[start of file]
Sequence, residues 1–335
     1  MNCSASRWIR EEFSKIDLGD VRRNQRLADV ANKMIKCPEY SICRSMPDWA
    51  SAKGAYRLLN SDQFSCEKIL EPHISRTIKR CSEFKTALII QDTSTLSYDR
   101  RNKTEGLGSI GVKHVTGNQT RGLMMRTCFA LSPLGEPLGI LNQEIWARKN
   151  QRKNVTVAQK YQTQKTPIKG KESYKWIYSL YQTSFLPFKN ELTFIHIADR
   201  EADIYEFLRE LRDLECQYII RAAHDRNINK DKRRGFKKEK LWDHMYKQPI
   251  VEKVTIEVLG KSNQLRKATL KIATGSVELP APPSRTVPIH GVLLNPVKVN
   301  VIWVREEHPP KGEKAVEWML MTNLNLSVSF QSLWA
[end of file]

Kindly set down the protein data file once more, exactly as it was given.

Sequence, residues 1–335
     1  MNCSASRWIR EEFSKIDLGD VRRNQRLADV ANKMIKCPEY SICRSMPDWA
    51  SAKGAYRLLN SDQFSCEKIL EPHISRTIKR CSEFKTALII QDTSTLSYDR
   101  RNKTEGLGSI GVKHVTGNQT RGLMMRTCFA LSPLGEPLGI LNQEIWARKN
   151  QRKNVTVAQK YQTQKTPIKG KESYKWIYSL YQTSFLPFKN ELTFIHIADR
   201  EADIYEFLRE LRDLECQYII RAAHDRNINK DKRRGFKKEK LWDHMYKQPI
   251  VEKVTIEVLG KSNQLRKATL KIATGSVELP APPSRTVPIH GVLLNPVKVN
   301  VIWVREEHPP KGEKAVEWML MTNLNLSVSF QSLWA